A vast majority of the waking population fights through the haze of sleepiness and fuzzy memories to face one horrible reality: damnation.
Academic sins have amassed.
The events of Friday afternoon to Sunday morning have led these prodigal sons and daughters unto the gates of a vast and fiery scholastic Hades.
Teetering precariously over the entry's precipice, students cry out in repentance, "Where upon this vast and glorious campus may redemption be found? Great Scholastica, where is your pedagogic Eden?"
On Sunday morning, students need a place to go where academic resources fall at their fingertips. They need a place that allows for a quiet atmosphere.
Students need a library. Strangely enough, however, Rolvaag Memorial Library doesn't open on Sundays until noon.
Bryn Geffert, a college librarian, provided reasoning for the late opening. "This is not a new question," said Geffert. "A good contingent would like to see change in the library hours. On the other hand, we have solid reasons for keeping things the way they are. Firstly, these hours honor our college's sense of self as a college of the church. [Earlier library hours] would create interference between the library and chapel time. We can't ask students to choose."
Several students reported that their spiritual life shapes their opinions of the current library hours.
"Frankly, it doesn't affect me because I'm at Mass until noon," said Janae Fabini, a senior who attends the Catholic service at St. Dominick's Church in Northfield.
Annie Gatzlaff '08 said, "We shouldn't be doing work on Sundays anyway. It's God's day of rest."
One student worker at the circulation desk presented the issue of Sunday library hours to Inga Velde, circulation/reserves associate. Velde replied, "If we were open on Sunday mornings, would you be interested in working the 9 a.m. to noon shift?"
On the other hand, the library manages to fully staff itself by 9 a.m. on Saturday.
Geffert also explains that opening late on Sunday is not unique to St. Olaf. "We did an informal survey, and even among very secular schools were libraries around the country not opening until around noon on Sundays," Geffert said.
True. However, students continue to object to the late opening. "I think it's malarkey," Sara Hottovy '08 said. "That's the one time you need it open."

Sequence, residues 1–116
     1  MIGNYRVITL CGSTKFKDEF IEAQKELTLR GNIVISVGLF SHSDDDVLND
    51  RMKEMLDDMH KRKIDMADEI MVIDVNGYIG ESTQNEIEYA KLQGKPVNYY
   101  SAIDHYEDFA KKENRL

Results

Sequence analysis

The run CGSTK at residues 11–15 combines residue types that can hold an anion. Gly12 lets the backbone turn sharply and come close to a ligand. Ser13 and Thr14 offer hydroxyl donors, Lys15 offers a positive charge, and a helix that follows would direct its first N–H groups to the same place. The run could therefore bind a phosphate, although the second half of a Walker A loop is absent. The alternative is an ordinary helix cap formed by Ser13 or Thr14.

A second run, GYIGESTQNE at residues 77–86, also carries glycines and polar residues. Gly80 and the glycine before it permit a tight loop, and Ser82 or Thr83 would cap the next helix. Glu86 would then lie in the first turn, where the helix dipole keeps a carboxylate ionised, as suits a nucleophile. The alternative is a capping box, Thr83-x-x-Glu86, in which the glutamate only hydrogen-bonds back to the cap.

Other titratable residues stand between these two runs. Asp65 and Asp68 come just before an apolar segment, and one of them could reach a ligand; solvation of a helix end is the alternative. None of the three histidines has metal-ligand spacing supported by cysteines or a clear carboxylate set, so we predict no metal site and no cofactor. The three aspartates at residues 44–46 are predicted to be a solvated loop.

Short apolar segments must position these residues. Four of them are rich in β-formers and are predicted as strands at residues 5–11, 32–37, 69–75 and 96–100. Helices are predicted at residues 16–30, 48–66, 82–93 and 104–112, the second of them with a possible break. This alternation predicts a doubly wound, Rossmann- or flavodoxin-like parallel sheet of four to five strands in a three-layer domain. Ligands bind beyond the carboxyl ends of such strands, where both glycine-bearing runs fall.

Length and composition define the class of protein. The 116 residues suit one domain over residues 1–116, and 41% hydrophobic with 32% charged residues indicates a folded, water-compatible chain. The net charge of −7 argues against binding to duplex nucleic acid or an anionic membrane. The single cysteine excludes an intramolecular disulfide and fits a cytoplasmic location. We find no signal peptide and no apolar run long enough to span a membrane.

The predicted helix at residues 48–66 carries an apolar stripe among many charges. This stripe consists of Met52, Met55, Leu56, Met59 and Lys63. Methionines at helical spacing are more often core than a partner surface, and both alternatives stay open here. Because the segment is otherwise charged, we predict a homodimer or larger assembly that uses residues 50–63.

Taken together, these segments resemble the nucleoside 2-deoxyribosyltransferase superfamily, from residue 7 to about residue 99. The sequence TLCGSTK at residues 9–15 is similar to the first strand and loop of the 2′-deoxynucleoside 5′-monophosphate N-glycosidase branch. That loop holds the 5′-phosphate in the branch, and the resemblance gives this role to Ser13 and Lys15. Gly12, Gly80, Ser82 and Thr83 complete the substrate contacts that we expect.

Every Sunday, students form a line at the library doors anxiously awaiting their day's academic ventures.
"The library administration fails in its attempt to promote continuous learning by not making the library available for students wishing to advance their education as much as possible," says Peter Heidorn '10. "Students who wish to take advantage of the quiet, serene atmosphere of a Sunday morning are [instead] supposed to waste their time nursing hangovers, or, God forbid, attending chapel."
And at a college that boasts high extracurricular involvement, many busy Oles feel that their needs are being neglected.
"I would argue that [the library] should open consistently on Saturday and Sunday at like nine or something, both days. A lot of students have events on Saturday and then a lot of homework to do on Sunday," says Michael Peabody, a member of the varsity soccer team who will graduate this fall.
"At this point, a change in library hours is not in consideration," Geffert said. "Obviously, if there were a major student movement, within the Student Senate for example, we would have to respond to that kind of impetus."
No organization, however, intends to launch this movement. Perhaps the students seriously interested in doing so are too busy compensating for the homework they failed to complete on Sunday morning.
Or perhaps, most students don't even care.
"Having the library open at noon helps me feel less guilty for not starting my homework 'til the afternoon," Marcie Dierks '08 said. "I can do a cafeteria marathon before it opens. It takes me that long to get started."